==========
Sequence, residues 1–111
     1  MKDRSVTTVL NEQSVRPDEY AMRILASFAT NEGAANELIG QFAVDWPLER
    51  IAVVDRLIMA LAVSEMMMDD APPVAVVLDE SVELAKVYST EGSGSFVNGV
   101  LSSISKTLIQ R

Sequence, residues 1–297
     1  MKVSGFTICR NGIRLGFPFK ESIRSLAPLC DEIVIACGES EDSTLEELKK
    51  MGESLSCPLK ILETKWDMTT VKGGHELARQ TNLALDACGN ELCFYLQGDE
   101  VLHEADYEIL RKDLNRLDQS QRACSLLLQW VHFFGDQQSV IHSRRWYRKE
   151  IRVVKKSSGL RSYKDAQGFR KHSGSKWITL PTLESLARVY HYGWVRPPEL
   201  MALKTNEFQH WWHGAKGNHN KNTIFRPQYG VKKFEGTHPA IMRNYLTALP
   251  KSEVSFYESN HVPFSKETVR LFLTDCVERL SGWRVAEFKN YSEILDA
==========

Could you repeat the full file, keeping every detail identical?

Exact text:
Sequence, residues 1–111
     1  MKDRSVTTVL NEQSVRPDEY AMRILASFAT NEGAANELIG QFAVDWPLER
    51  IAVVDRLIMA LAVSEMMMDD APPVAVVLDE SVELAKVYST EGSGSFVNGV
   101  LSSISKTLIQ R

Sequence, residues 1–297
     1  MKVSGFTICR NGIRLGFPFK ESIRSLAPLC DEIVIACGES EDSTLEELKK
    51  MGESLSCPLK ILETKWDMTT VKGGHELARQ TNLALDACGN ELCFYLQGDE
   101  VLHEADYEIL RKDLNRLDQS QRACSLLLQW VHFFGDQQSV IHSRRWYRKE
   151  IRVVKKSSGL RSYKDAQGFR KHSGSKWITL PTLESLARVY HYGWVRPPEL
   201  MALKTNEFQH WWHGAKGNHN KNTIFRPQYG VKKFEGTHPA IMRNYLTALP
   251  KSEVSFYESN HVPFSKETVR LFLTDCVERL SGWRVAEFKN YSEILDA